Two potentially interesting questions: First, in the same way teachers are worried about students submitting work written by LLMs, the same issue is coming for the US Copyright Office. If the output of these tools are not eligible for protection, the Office will soon have a deep interest in understanding which works are created by machines and which are truly the result of human creativity.
Second, how much time and effort would need to be invested in improving the drafts created by one of these tools before the improved version would be recognized as a derivative work that is eligible for copyright protection? (Think about Pride and Prejudice and Zombies. While it was based on a public domain work, it was transformed sufficiently to deserve its own copyright protection.)
The Impact on Traditional Publishers and OER
I’ve written before that OER advocates would eventually be sorry that they based their advocacy almost exclusively on cost savings, because the price of proprietary learning materials will come down and that talking point will evaporate:
[While] the cost of traditionally copyrighted educational materials has historically been much higher than the price of OER, the cost of textbooks has plateaued for the first time in decades (Perry 2020). As publishers respond to the price pressure created by OER in the course materials market, the difference in the prices of OER and traditionally copyrighted resources is likely to continue to decrease. If the access hypothesis holds, the impact of OER on student outcomes attributable to affordability will decrease in parallel. In other words, adopting OER may not be a long-term strategy for saving students significant amounts of money or closing the achievement gap between lower income and higher income students. (2021)
The impact of LLMs on the economics of creating proprietary materials should be the same as it is for OER (assuming publisher adapt to this new reality). As “big name authors” become supplanted by “big name editors” of work initially drafted by LLMs, the amount of royalties publishers owe to authors will either decrease significantly or may even disappear altogether. Now able to produce and sell proprietary material much less expensively than they were in the past, publishers could either pass this savings on to students in order to compete even more effectively with the price of OER, or simply use the savings to improve their margins, or a little of both. The key point here is that the boon of LLMs for learning materials production is NOT exclusive to OER. In fact, the benefit may accrue disproportionately to publishers of proprietary materials since the publishers of OER have never had to pay royalties. LLMs may put proprietary materials on equal footing with OER in this regard.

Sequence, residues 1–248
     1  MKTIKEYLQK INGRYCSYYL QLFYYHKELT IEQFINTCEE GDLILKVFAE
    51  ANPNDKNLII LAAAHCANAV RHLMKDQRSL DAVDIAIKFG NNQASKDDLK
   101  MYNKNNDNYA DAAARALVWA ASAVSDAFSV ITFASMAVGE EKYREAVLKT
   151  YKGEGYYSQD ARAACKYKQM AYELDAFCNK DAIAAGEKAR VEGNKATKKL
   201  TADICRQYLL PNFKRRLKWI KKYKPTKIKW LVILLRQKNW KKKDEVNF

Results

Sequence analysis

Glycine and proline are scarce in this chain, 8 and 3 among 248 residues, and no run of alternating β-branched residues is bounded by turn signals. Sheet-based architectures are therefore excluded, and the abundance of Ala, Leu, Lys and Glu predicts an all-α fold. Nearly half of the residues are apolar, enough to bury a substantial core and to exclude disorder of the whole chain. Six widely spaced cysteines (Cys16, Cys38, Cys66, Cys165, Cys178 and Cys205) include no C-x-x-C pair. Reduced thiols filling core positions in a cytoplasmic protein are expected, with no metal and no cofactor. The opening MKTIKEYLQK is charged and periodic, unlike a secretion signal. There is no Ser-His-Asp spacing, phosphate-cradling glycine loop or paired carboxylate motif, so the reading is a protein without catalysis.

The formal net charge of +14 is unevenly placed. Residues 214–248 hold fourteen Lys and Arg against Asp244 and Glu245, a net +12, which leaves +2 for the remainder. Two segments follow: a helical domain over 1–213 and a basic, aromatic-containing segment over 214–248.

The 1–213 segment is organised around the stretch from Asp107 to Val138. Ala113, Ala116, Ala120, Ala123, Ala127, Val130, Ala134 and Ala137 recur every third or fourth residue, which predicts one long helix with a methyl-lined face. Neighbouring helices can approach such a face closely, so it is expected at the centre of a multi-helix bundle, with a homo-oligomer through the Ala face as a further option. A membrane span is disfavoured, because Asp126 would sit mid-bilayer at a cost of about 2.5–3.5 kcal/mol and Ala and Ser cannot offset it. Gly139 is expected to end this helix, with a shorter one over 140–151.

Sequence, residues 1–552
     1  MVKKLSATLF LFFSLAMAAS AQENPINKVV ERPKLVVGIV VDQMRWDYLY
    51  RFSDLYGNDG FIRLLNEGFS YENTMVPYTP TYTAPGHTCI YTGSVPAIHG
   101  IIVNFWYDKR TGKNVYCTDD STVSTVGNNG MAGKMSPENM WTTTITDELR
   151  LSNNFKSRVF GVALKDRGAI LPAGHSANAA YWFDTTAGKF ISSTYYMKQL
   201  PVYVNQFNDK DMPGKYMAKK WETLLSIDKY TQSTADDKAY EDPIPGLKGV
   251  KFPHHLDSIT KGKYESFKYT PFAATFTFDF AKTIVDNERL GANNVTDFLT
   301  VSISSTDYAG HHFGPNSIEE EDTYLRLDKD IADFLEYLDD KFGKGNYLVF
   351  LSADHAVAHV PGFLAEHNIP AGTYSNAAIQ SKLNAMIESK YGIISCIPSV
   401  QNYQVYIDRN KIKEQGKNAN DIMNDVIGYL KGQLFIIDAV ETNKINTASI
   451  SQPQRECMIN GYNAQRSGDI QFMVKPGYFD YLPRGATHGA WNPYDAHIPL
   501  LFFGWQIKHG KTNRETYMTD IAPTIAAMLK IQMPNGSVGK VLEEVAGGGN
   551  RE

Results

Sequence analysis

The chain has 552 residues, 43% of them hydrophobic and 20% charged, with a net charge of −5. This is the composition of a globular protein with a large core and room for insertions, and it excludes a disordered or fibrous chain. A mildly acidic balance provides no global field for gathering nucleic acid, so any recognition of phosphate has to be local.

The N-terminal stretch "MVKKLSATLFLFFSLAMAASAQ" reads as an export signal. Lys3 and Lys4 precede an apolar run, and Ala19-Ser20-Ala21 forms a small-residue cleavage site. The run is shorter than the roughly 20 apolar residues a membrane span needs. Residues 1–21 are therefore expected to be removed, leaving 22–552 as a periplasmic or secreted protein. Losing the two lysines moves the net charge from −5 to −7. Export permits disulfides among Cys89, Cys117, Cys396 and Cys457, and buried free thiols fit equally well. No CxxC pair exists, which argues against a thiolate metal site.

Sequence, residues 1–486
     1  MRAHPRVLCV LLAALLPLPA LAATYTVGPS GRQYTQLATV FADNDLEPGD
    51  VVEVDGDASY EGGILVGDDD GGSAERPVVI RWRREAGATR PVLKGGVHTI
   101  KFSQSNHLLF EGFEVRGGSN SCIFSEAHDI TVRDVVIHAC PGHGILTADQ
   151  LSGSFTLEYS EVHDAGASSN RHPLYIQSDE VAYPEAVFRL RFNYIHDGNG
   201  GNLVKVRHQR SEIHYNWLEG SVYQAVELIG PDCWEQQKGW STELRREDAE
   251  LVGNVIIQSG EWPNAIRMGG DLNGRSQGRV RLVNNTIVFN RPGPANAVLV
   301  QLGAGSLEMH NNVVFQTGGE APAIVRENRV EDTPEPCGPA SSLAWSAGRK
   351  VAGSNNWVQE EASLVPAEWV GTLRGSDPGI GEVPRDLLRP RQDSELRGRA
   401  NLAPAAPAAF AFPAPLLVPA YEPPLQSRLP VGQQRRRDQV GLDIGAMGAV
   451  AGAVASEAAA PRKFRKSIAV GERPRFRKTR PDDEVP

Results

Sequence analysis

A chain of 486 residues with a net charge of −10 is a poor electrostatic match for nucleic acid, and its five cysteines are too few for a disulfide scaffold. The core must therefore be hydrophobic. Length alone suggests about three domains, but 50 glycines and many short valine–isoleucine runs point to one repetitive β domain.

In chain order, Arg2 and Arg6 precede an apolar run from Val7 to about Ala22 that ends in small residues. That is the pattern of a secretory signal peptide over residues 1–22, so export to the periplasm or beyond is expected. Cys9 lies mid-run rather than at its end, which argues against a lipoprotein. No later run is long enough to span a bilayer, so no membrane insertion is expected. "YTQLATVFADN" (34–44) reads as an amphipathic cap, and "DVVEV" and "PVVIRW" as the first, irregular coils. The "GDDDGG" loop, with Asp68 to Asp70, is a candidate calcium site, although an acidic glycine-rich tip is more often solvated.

The Age of the Instructional Designer
We’ve been saying for more than a decade that content is a commodity. That is more true in the context of LLMs than it ever has been before. If content doesn’t differentiate learning materials from one another, what will? It’s possible we may finally be reaching a time when effectiveness will come to the forefront as the primary difference between learning materials. And while content accuracy is the domain of SMEs, effectiveness at supporting learning is the domain of instructional designers.
As the role of SMEs changes from author to editor and their time commitment to projects decreases, the role of instructional designers will grow in importance and effort. The instructional designer is likely the primary prompt engineer. Instructional design expertise will be reflected in the output of these systems in proportion to the degree that instructional design expertise is embedded in the prompts fed into the systems. IDs will engineer prompts and feed them into systems and then do rounds of rapid review of outputs with SMEs at each step in the process from the beginning (what is missing from this list of learning outcomes?) to the end (does the feedback on this formative assessment item accurately correct the misunderstanding a student likely has when they select option B?). As accuracy is being assured via this process, a significant amount of instructional design expertise will need to be applied to the varied outputs of these systems to bring them together in a cohesive, coherent way that will effectively support learning. Again, the right way to think about these tools is that they are incredibly helpful for creating first drafts for humans to then review, augment, and polish. And, when it comes to creating learning materials that are highly effective for all learners, there will be plenty of augmenting and polishing to do.
What an incredible time to be an instructional designer! Every school that teaches instructional design needs to immediately update their curriculum to leverage the existence of these tools. Using LLMs and other AI effectively (e.g., creating custom images) will be a key part of preparing instructional designers for the next decade – a decade that looks to be an absolutely incredible time to be an instructional designer!
This post was previously published on opencontent.org and is republished under a Creative Commons license.